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Higher sensitivity CMB mapper (EBEX) launched

  1. Dec 28, 2012 #1


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    The balloon-borne EBEX microwave background mapper was let fly today. Andrew Jaffe's blog has a video of the launch, down in the Antarctic. video made by Aboobaker:


    Jaffe says:
    "EBEX is a next-generation CMB telescope, with hundreds of detectors measuring temperature and polarisation, which we hope will allow us to see the effects of an early epoch of cosmic inflation through the background of gravitational radiation that it produces. But right now, we are just hoping that EBEX catches some good winds in the Antarctic Polar Vortex and comes back around the continent after about two weeks of observing from 120,000 feet."

    Here is Aboobaker's blog:
    Aboobaker has described the experiment thus:
    " The goal of EBEX is to make a map of the Cosmic Microwave Background polarization at an unprecedented sensitivity level, combining a large focal plane of sensitive transition-edge sensor bolometers with a 10-14 day long-duration balloon flight from the Antarctic while modulating the incoming polarization signal with a continuously-rotating half-wave plate."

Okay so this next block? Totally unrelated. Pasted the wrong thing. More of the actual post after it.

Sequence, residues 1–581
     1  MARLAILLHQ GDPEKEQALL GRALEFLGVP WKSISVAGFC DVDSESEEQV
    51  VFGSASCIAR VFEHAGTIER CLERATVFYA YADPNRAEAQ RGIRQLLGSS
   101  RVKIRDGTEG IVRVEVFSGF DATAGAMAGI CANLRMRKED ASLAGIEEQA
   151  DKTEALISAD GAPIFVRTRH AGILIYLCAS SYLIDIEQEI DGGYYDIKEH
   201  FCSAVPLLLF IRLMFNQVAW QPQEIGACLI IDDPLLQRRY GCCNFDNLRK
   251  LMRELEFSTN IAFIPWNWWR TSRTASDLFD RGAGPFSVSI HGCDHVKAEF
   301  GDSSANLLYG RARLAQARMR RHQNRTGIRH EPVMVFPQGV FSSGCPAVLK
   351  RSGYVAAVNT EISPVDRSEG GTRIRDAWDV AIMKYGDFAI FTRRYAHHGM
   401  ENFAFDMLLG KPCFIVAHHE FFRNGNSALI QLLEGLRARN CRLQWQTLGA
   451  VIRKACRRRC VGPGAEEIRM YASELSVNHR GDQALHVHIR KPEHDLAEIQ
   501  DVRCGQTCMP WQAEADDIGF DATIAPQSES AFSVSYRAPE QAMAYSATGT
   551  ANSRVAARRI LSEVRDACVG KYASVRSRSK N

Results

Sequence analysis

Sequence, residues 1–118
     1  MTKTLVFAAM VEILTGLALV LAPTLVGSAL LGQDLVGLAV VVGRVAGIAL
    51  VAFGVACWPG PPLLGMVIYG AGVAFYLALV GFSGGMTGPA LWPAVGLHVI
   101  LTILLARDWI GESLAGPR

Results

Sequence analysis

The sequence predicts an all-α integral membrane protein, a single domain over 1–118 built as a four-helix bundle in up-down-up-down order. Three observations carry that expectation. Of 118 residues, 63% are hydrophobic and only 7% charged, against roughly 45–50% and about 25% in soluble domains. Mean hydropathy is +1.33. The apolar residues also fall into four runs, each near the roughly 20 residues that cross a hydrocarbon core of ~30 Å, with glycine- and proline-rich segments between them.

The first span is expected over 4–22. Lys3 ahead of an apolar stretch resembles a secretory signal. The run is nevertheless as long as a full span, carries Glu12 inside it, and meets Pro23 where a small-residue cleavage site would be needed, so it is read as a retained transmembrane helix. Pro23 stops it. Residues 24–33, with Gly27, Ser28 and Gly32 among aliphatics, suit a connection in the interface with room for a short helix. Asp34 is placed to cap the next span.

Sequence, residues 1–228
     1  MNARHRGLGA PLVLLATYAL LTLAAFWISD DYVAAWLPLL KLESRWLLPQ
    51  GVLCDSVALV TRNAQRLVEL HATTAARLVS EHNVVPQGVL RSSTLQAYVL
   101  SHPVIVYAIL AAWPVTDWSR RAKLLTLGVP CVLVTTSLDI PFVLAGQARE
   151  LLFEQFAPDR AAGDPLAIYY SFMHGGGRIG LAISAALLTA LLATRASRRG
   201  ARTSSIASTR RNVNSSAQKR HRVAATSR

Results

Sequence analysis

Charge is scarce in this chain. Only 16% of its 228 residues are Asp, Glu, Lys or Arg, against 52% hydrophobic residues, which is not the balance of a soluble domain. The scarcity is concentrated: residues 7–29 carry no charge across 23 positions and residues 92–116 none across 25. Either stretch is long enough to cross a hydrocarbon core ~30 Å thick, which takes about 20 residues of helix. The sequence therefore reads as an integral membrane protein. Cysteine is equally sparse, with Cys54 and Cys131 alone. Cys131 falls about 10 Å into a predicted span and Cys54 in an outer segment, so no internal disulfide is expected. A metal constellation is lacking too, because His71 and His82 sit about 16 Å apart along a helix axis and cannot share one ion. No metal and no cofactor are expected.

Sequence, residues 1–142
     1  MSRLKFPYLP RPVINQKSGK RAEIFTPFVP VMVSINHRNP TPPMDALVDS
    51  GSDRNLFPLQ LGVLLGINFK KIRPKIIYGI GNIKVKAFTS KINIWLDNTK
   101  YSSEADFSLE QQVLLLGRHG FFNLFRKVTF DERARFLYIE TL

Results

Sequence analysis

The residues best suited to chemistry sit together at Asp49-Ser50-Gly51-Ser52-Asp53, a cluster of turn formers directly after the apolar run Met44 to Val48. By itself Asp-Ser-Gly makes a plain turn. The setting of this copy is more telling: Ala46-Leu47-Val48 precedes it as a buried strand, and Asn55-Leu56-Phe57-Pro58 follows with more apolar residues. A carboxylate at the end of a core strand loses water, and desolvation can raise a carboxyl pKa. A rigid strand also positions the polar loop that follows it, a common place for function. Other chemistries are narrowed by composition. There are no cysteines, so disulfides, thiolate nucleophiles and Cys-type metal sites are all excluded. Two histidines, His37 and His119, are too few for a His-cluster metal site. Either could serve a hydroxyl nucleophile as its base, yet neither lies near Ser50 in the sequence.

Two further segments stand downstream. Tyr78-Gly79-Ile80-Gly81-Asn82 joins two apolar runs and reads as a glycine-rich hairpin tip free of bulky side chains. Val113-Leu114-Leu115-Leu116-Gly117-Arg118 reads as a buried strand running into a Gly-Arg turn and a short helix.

Some background:
    "... the EBEX experiment, a balloon-borne millimeter-wave telescope to study the faint afterglow of the Big Bang."

    The name "E and B Experiment" refers to the electric and magnetic parts of the electromagnetic field.
    Last edited: Dec 28, 2012
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  3. Dec 30, 2012 #2


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    Sweet! I love when new stuff goes operational!

    Marcus, is this thing looking for signs of gravitational waves via their interaction with the CMB radiation when it was first created?
  4. Dec 30, 2012 #3


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    In a word, yes. Among other things, it's looking for a B-mode pattern of polarization, which would indicate the presence of the primordial gravitational waves predicted by inflation.
  5. Dec 30, 2012 #4


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    Just to clarify, it's not referring to the E and B fields from electromagnetism themselves. It's referring to E-modes and B-modes, two distinct patterns into which the pattern of CMB polarization anisotropy on the sky can be decomposed, each having different symmetry properties. The B-modes are "curl-like" and the E-modes "curl-free", hence, these modes are named by analogy with the E and B fields from E&M.
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